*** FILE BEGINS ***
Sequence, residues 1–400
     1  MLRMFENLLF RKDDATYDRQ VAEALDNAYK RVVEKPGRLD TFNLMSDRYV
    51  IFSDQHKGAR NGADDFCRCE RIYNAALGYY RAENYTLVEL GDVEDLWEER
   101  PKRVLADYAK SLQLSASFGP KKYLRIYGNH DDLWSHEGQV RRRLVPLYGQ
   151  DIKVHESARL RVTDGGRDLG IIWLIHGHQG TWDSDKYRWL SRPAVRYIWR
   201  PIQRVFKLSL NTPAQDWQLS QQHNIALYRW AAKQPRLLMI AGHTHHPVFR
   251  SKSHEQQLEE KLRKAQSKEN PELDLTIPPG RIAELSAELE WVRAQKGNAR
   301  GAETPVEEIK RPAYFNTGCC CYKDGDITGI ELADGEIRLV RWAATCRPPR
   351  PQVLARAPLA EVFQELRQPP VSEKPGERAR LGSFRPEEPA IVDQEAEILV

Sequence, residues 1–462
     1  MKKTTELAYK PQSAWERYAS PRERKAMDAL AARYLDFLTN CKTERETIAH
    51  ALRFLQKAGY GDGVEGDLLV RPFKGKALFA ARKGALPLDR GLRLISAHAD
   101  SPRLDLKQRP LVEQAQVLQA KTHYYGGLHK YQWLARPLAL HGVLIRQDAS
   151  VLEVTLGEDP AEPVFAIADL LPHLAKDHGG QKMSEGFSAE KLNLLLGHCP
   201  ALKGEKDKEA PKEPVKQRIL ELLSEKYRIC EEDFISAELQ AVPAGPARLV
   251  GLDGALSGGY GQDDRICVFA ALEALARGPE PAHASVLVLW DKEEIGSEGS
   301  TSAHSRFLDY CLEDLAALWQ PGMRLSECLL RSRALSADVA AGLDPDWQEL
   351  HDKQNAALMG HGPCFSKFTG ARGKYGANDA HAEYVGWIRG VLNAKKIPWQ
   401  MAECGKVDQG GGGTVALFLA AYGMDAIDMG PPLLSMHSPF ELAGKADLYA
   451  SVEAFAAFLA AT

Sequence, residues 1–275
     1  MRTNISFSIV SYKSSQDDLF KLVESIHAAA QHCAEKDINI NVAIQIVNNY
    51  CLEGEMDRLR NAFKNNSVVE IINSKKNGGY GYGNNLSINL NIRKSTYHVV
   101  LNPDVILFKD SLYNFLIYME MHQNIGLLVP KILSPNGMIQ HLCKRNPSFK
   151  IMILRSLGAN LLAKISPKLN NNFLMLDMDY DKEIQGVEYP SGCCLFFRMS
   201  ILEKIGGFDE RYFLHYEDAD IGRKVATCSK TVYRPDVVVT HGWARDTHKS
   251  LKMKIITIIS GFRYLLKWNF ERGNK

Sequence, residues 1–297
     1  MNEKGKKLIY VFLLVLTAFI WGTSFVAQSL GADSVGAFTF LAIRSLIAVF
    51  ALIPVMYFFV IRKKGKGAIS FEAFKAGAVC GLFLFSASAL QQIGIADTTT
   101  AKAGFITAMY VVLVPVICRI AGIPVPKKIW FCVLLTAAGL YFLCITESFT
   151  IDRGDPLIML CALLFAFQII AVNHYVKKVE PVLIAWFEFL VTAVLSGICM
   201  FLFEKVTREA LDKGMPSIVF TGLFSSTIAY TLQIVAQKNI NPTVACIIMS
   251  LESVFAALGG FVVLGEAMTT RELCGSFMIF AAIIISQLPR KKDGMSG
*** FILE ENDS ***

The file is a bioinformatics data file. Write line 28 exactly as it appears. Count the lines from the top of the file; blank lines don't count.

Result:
Sequence, residues 1–297